Flame structure of lean premixed and diffusion combined flames near extinction limit

Takayuki Kawanami, Yuji Yahagi

Research output: Contribution to journalArticle

Abstract

Extinction and flame structure of lean premixed and diffusion combined flames formed in a counter flow are investigated experimentally and numerically. The extinction limits can be divided into two regions. One is a diffusion flame dominant extinction region (DF-DE) in which equivalence ratio of LPF side (φ L) at extinction limit is decreasing linearly with increasing fuel concentration of DF side (χ U). The other is a lean premixed flame dominant extinction region (LPF-DE) in which effect of χ U on extinction φ L is increasing with increasing χ U. In these two regions, the flame structures and its φ L dependence are different greatly. In the DF-DE, the temperature has symmetrical profile regardless of φ L and the temperature peak is located near DF. Since DF has higher temperature than LPF, LPF is thermally supported than DF. Temperature gradients between two reaction zones are decreasing with increasing φ L, while laminar burning velocity (S L) and burnt gas width (W B) are constant regardless of φ L. On the other hand, in the LPF-DE, the temperature has asymmetrical profile and the temperature peak leans to the LPF side. That is, the temperature gradient of LPF side is very steep compared with the DF side. Since LPF has higher temperature than DF, DF is thermally supported than LPF. Temperature gradients between two reaction zones are constant regardless of φ L, while S L and W B are increasing with increasing φ L.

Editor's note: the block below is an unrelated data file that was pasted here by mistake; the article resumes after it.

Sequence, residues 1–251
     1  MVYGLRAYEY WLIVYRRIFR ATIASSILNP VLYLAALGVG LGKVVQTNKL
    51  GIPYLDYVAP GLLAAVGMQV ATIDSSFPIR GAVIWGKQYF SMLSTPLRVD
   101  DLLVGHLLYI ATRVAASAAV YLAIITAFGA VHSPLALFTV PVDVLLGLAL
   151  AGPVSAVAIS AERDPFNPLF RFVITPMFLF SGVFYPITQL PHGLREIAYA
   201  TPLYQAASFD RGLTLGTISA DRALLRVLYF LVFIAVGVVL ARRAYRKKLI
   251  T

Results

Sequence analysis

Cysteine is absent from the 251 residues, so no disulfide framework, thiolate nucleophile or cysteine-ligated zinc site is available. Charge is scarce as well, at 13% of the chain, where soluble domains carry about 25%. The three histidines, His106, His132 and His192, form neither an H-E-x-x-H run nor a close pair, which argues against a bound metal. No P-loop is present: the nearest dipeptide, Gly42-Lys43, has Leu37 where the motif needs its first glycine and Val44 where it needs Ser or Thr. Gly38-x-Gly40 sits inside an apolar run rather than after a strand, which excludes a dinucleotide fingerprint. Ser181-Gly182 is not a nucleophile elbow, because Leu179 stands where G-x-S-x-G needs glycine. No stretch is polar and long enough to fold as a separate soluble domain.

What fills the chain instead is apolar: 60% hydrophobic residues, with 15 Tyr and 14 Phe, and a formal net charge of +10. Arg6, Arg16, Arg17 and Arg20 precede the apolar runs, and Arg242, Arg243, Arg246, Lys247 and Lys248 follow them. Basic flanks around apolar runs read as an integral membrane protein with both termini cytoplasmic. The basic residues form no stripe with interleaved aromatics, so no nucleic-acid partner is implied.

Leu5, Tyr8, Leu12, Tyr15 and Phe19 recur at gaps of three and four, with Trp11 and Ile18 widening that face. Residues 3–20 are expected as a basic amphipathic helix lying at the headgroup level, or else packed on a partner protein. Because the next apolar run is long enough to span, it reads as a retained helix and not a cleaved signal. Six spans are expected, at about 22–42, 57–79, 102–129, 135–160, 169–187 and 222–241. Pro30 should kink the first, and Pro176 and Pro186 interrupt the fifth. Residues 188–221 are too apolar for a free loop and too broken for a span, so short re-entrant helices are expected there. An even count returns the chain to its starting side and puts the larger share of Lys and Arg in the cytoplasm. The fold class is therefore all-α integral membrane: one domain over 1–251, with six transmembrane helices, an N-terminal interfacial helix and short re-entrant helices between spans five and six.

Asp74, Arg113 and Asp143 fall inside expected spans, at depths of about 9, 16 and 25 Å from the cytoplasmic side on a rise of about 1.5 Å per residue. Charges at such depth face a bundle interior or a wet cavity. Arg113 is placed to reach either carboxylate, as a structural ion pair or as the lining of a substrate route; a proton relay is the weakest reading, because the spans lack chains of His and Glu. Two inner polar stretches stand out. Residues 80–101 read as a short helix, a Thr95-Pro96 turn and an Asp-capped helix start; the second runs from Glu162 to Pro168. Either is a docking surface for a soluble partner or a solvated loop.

Original languageEnglish
Pages (from-to)1118-1126
Number of pages9
JournalNihon Kikai Gakkai Ronbunshu, B Hen/Transactions of the Japan Society of Mechanical Engineers, Part B
Volume78
Issue number789
DOIs
Publication statusPublished - 2012 Jun 15

Keywords

  • Combustion phenomena
  • Counterflow
  • Diffusion combustion
  • Extinction
  • Flame structure
  • Flame to flame interaction
  • Premixed combustion

ASJC Scopus subject areas

  • Condensed Matter Physics
  • Mechanical Engineering

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